Here is a recap of market performance for the month of April and year-to-date:
April was another volatile month in financial markets. All asset classes declined, with bonds down the least. International stocks outperformed other stocks, but not by much. So far this year, both bonds and stocks have decreased, and including April’s declines, stocks have gone down more than bonds.
Recession – The Next Obstacle?
If it seems like there are always problems in the world, well, that’s because there are. Many of them negatively-affect financial markets. In just the past two years, we’ve had a pandemic, higher inflation, and war. And over the past few weeks speculation has increased around another concern for investors: economic recession.
Most of the time, both the US and global economies grow. This simply means that we produce more goods and services than we did in the prior quarter or year. Companies make things, consumers buy them, and each year we typically become a little bit more prosperous than the year before. Gross Domestic Product (GDP) measures the size of the economy over time. Here is a graph of GDP, not including the effects of inflation:
Using the common standard of 2012 dollars, in 1950, our economy produced around $2 trillion worth of goods and services. Today that number is almost $20 trillion. Since this doesn’t include inflation, it is an apples to apples comparison. It means our economy is 10x bigger today than it was 70 years ago. For the most part, the line is fairly straight, but there are times when GDP shrinks. These periods are called recessions, and are represented by the gray bars on the chart. We’ve had 12 of them, or roughly one every 6 years.
How do we know when the next recession is coming? We don’t. But many investors pay attention to the bond market for clues about economic weakness. One of the main indicators of economic health is the treasury bond yield curve, which shows the interest rates on US government bonds of various maturities:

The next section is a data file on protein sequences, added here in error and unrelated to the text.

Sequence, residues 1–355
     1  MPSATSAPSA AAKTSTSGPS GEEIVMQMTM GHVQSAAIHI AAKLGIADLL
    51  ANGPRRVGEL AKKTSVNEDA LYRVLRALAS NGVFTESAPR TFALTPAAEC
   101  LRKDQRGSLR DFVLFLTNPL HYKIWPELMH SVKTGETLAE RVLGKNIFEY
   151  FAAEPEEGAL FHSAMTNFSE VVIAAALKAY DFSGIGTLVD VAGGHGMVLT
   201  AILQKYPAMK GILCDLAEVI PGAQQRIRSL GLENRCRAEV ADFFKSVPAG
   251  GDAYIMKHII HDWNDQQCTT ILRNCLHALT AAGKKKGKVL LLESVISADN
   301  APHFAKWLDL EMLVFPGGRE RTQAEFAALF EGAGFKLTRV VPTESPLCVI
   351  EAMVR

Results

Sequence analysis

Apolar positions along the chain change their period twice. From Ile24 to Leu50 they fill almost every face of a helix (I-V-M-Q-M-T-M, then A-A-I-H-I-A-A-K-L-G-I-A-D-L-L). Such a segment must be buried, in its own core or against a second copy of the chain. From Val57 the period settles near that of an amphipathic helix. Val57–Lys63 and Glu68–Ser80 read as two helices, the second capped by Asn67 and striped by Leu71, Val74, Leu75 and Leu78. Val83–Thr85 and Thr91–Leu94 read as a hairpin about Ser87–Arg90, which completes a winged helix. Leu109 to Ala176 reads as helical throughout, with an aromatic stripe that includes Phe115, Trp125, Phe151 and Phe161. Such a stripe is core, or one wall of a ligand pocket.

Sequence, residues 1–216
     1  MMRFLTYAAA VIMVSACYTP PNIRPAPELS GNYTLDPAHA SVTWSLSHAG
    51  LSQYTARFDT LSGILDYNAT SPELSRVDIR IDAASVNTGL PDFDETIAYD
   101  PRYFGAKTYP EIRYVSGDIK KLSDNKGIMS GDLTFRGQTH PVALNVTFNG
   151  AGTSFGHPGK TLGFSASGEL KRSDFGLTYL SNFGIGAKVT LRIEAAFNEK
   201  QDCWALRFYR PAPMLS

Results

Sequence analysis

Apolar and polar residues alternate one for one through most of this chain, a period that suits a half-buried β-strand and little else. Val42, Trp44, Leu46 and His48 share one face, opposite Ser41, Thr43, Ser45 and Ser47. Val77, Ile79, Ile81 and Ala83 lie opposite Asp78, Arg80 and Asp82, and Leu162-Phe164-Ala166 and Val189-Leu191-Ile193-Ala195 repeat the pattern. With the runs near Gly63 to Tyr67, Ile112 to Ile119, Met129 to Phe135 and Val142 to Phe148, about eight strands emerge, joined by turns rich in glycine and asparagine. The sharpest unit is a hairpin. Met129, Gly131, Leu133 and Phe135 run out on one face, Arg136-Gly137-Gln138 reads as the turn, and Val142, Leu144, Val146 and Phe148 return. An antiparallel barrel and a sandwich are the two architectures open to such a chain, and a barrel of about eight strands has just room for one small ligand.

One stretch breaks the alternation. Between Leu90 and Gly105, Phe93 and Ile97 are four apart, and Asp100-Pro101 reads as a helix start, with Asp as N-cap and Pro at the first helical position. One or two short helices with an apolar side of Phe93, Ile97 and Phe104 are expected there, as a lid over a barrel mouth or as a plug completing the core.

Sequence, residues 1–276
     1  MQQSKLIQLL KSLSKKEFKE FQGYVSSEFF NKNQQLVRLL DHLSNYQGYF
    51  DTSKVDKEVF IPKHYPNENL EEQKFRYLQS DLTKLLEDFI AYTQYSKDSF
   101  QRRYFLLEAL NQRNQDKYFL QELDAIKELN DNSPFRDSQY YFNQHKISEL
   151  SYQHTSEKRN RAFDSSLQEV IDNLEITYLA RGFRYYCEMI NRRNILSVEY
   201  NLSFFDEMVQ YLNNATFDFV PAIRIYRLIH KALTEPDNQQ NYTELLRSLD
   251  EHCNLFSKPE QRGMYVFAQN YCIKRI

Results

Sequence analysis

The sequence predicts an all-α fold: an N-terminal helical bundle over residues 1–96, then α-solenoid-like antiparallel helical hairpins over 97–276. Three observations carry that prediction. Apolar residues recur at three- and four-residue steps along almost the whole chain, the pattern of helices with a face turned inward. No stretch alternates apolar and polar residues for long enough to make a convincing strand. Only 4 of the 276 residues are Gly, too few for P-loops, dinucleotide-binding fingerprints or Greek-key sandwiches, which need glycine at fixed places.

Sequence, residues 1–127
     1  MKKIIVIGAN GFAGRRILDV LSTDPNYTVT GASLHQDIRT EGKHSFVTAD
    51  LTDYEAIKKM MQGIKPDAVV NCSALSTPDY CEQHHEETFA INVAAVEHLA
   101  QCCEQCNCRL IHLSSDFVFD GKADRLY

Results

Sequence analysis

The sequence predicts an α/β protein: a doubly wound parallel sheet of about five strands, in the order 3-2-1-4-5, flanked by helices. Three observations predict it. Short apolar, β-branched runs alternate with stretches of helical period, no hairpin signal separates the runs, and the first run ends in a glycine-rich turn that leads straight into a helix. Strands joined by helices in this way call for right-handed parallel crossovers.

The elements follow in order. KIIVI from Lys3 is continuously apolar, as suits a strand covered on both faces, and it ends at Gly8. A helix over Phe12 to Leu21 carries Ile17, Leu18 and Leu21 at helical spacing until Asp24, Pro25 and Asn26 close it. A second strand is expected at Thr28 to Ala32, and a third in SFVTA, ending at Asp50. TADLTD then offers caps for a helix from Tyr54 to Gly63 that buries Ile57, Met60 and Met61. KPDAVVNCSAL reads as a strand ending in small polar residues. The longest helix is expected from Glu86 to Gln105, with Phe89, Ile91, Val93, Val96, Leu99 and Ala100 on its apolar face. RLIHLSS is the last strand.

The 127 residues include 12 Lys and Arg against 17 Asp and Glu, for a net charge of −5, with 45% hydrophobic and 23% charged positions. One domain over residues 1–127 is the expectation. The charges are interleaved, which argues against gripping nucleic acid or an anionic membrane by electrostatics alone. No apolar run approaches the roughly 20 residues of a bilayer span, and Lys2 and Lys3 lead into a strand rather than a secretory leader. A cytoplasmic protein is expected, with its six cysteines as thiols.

On the chart, the vertical axis shows the interest rate and the horizontal axis shows the maturity of the bond. The shape of the blue line, which shows the current yield curve, is quite flat. This means that longer term bonds are paying about the same interest rate as shorter-term bonds. This isn’t normal – because longer term bonds have more risk, they ought to pay higher rates. When that isn’t the case, it’s a signal that the bond market is concerned about future economic weakness. Or in other words, there is a higher probability of a recession.
Another way to look at the shape of the yield curve is by taking the 10-year bond rate and subtracting the 2-year bond rate. That chart looks like this:
Typically, a 10-year treasury bond yields between 0-3% more than a 2-year treasury does. Occasionally, the 2-year bond yields more than the 10-year bond. This is called an inversion of the yield curve, and it typically coincides with a coming recession (shown by the gray bars). Yield curve inversions that were closely followed by recessions are circled in red. The blue circles show periods where the yield curve flattened considerably or inverted slightly, but a recession did not immediately follow. As you can see, recession worries have increased because the yield curve is currently very flat, but a flat yield curve doesn’t always mean a recession is imminent.
Conclusion – Let’s Talk
In the long run, economic growth has been incredibly strong and remarkably consistent. Occasionally, recessions of various lengths and severities happen, and while they can be unpleasant, they are a normal part of the economic cycle. We have designed your portfolio with a diversified mix of investments that can weather and endure volatile market environments to help you achieve your financial goals.
If you would like to talk more about the recent market volatility or the current economic climate, let’s talk.